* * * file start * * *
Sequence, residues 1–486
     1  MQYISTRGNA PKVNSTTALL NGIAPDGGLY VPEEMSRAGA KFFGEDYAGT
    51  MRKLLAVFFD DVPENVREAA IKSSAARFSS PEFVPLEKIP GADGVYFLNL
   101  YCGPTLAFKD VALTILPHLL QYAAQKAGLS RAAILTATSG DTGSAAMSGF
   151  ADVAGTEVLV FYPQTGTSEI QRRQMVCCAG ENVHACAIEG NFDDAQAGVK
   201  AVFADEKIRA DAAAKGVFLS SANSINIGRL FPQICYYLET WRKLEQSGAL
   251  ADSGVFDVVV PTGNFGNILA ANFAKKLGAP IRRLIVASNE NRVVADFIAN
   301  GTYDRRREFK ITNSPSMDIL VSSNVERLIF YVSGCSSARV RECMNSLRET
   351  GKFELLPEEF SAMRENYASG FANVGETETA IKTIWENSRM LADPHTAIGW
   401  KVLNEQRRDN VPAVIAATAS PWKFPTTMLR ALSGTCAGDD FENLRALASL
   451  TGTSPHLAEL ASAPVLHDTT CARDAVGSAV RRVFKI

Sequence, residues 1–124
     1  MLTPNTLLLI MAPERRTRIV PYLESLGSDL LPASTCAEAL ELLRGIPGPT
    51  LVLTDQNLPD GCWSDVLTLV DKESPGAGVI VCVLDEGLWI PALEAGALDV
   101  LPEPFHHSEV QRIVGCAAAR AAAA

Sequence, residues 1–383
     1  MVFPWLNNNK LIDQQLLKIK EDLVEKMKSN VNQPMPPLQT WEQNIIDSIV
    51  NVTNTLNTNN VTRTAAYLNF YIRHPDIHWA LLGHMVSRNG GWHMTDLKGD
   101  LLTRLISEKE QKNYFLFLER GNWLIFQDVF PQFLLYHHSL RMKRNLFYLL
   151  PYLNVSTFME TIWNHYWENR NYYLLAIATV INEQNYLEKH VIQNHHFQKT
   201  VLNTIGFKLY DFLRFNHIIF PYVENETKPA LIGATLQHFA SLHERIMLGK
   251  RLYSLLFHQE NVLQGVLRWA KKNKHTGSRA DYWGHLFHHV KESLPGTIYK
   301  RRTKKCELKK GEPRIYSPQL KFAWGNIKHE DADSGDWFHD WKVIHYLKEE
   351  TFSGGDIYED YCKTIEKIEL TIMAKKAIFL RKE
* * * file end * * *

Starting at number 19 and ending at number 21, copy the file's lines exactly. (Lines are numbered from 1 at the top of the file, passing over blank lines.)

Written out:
   101  LLTRLISEKE QKNYFLFLER GNWLIFQDVF PQFLLYHHSL RMKRNLFYLL
   151  PYLNVSTFME TIWNHYWENR NYYLLAIATV INEQNYLEKH VIQNHHFQKT
   201  VLNTIGFKLY DFLRFNHIIF PYVENETKPA LIGATLQHFA SLHERIMLGK